Franchisors and Multi-Unit Franchisees Team Up For Growth
Multi-unit franchisees control more than 200,000 franchise units in the United States.
By Therese Thilgen
Multi-unit franchisees dominate today’s marketplace, controlling more total units than their single-unit counterparts — and an increasing number are operating multiple brands. Franchisors, in tandem with the growing base of multi-unit operators, have recognized this change and responded by altering their sales approach, even their franchise disclosure documents to accommodate multiple-unit sales to experienced franchisees. The “three-pack” has grown to the five-pack and 10-pack, and we’re hearing more about deals to develop upwards of 50 or 100 units in territories that grow larger each year. Franchisors, in tandem with the growing base of multi-unit operators, have recognized this change and responded by altering their sales approach, even their franchise disclosure documents to accommodate multiple-unit sales to experienced franchisees. The “three-pack” has grown to the five-pack and 10-pack, and we’re hearing more about deals to develop upwards of 50 or 100 units in territories that grow larger each year. ulti-unit franchisees dominate today’s marketplace, controlling more total units than their single-unit counterparts — and an increasing number are operating multiple brands.
The Best and Brightest
Franchisees are an optimistic lot, expansion-minded, on-the-grow, and always alert to new opportunities. And for them, multi-unit franchising represents one of today’s most attractive opportunities. Whether it involves increasing the number of units of their current brand or adding new brands to their holdings, the allure of multi-unit franchising is attracting the best and brightest franchisees in the business with increasing frequency.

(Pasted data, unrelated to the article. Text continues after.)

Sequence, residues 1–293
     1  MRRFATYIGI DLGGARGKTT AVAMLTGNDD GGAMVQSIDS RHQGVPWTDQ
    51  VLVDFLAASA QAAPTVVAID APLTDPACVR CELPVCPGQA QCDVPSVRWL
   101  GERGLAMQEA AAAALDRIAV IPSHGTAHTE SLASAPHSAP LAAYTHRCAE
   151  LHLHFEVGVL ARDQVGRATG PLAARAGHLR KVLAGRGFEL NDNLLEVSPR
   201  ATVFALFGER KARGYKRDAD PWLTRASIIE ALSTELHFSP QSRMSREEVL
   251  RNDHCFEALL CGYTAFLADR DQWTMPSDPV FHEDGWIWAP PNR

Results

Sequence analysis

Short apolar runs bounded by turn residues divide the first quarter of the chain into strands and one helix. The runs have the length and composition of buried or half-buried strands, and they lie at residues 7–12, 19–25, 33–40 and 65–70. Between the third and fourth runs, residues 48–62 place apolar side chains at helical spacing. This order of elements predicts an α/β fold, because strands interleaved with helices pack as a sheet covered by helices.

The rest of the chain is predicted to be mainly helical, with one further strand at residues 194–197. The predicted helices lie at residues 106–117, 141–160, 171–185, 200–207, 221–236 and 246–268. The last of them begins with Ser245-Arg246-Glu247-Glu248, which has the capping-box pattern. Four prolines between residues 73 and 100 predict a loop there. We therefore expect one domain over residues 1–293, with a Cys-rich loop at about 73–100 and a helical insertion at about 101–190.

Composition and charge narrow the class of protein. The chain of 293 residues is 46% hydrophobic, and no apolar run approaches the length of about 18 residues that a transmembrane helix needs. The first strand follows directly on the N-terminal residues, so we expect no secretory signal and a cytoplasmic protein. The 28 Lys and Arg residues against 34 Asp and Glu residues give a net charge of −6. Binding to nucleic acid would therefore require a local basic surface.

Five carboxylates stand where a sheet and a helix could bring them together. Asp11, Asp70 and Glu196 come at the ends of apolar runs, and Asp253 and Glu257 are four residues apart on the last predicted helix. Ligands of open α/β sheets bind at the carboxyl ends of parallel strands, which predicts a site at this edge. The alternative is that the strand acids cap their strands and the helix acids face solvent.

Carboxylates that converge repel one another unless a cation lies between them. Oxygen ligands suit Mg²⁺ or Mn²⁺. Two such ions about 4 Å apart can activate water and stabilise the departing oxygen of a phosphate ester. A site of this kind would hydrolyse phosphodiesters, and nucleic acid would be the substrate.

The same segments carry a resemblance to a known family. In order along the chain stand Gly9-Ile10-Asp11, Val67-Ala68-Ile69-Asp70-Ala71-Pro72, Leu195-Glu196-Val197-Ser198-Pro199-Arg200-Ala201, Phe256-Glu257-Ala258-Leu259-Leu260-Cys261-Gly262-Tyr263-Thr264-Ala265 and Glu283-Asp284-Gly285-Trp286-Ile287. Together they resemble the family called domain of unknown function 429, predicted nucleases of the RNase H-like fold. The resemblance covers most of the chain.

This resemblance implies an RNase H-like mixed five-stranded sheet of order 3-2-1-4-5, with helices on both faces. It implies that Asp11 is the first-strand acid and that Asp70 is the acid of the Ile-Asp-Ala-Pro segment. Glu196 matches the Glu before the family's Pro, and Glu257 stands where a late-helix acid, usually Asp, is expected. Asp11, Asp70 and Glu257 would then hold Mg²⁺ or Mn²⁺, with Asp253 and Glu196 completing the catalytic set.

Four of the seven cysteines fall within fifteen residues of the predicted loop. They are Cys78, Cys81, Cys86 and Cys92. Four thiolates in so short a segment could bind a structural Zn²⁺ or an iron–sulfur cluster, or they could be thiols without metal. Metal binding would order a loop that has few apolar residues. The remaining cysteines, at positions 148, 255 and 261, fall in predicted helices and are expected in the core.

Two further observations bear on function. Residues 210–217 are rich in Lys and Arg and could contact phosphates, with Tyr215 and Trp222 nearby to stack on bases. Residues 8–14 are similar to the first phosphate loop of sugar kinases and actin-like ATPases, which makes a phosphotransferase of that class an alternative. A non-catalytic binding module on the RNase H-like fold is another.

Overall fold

During the past 20 years, what began as a trickle has become one of the hottest vehicles for building a business rapidly and sustaining it through the years. FRANdata puts the number of multi-unit operators at more than 40,000, and they control more than 200,000 franchise units in the United States.
Successful multi-unit operators are a different breed than the single-unit franchisees they are displacing. Light years beyond the old “buying a job” mentality, they are skilled, professional business executives who have chosen franchising as their business model. They possess the skills, training, capital, infrastructure and vision to keep adding units to their portfolio — without stressing their organization or their stomachs.
Even during the recent economic upheaval, savvy multi-unit franchisees continued to expand, especially in QSR and services such as senior care, hair salons, massage, home maintenance, children’s activities, pet care and more. After all, if you can make money with one unit you can make even more with two, three or more, right?
Well, yes — but it takes a certain skill set, dedication and infrastructure to make it all work effectively and efficiently. If you’re a regular reader of Multi-Unit Franchisee magazine, especially our ongoing profiles of successful multi-unit franchisees, you know exactly what we mean.